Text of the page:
This short video lesson will help you build your arsenal of piano voicings, which can of course be useful for improvisation, composition and arranging. This voicing is called a Minor 11 chord because it has an 11 on top.
This short instructional lesson will help you build your arsenal of piano voicings, which can of course be useful for improvisation, composition and arranging. Most of the voicings are fairly easy to work with and they’re nice chords to have under your fingers.
A reader recently emailed me to ask a very good question about how to incorporate upper extensions into his voicings. This is a simple way of creating your own voicings to use in different situations that call for upper extensions.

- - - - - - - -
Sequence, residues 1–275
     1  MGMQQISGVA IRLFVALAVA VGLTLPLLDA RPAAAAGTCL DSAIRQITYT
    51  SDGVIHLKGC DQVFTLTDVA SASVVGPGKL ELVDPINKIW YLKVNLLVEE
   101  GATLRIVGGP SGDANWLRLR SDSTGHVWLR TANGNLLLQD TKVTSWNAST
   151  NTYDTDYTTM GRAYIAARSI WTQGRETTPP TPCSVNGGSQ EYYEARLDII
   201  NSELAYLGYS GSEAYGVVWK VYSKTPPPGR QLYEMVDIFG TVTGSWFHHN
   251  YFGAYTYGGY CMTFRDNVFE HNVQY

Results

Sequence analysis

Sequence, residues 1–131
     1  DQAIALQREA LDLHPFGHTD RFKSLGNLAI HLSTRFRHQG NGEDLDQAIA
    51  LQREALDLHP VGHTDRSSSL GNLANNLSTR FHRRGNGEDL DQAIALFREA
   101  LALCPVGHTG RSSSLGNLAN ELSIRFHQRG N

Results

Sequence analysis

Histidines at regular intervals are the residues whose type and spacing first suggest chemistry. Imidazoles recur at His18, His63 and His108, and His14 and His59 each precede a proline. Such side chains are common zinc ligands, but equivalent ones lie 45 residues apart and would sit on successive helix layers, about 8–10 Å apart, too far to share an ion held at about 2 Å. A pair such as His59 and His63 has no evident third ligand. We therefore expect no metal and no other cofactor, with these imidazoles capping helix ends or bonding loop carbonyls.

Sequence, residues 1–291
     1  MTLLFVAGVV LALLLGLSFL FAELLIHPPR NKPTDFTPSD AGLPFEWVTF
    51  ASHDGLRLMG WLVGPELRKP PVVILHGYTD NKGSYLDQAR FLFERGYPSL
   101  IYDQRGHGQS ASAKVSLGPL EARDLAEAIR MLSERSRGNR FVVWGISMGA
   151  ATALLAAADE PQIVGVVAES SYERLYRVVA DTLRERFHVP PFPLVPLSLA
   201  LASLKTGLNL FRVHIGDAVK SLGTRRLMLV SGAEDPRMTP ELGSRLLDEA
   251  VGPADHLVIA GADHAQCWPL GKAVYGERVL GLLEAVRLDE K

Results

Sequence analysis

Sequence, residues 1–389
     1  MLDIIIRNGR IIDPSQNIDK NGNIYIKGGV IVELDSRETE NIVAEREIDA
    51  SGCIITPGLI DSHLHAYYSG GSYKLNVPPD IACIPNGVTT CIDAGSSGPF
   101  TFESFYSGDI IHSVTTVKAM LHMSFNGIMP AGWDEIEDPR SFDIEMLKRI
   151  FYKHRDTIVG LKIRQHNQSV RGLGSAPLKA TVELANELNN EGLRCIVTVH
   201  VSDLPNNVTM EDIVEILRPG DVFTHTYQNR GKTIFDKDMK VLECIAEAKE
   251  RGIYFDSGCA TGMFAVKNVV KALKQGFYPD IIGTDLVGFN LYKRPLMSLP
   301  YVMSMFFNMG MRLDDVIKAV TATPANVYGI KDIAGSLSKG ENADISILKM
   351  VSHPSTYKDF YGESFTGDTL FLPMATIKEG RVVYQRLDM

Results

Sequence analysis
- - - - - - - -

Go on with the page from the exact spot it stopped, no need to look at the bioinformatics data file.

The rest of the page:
For more tips and tricks, don’t forget to subscribe to the blog!
In this short video, you are walked through a specific type of jazz piano voicing often used by the great pianist McCoy Tyner while comping. These voicings are called Dominant Pentatonic Inversions and if you practice the material from this lesson diligently, you will gain much more facility in your Tyner-esque comping abilities every day. Click the link below for a free PDF version of the exercise in half-steps: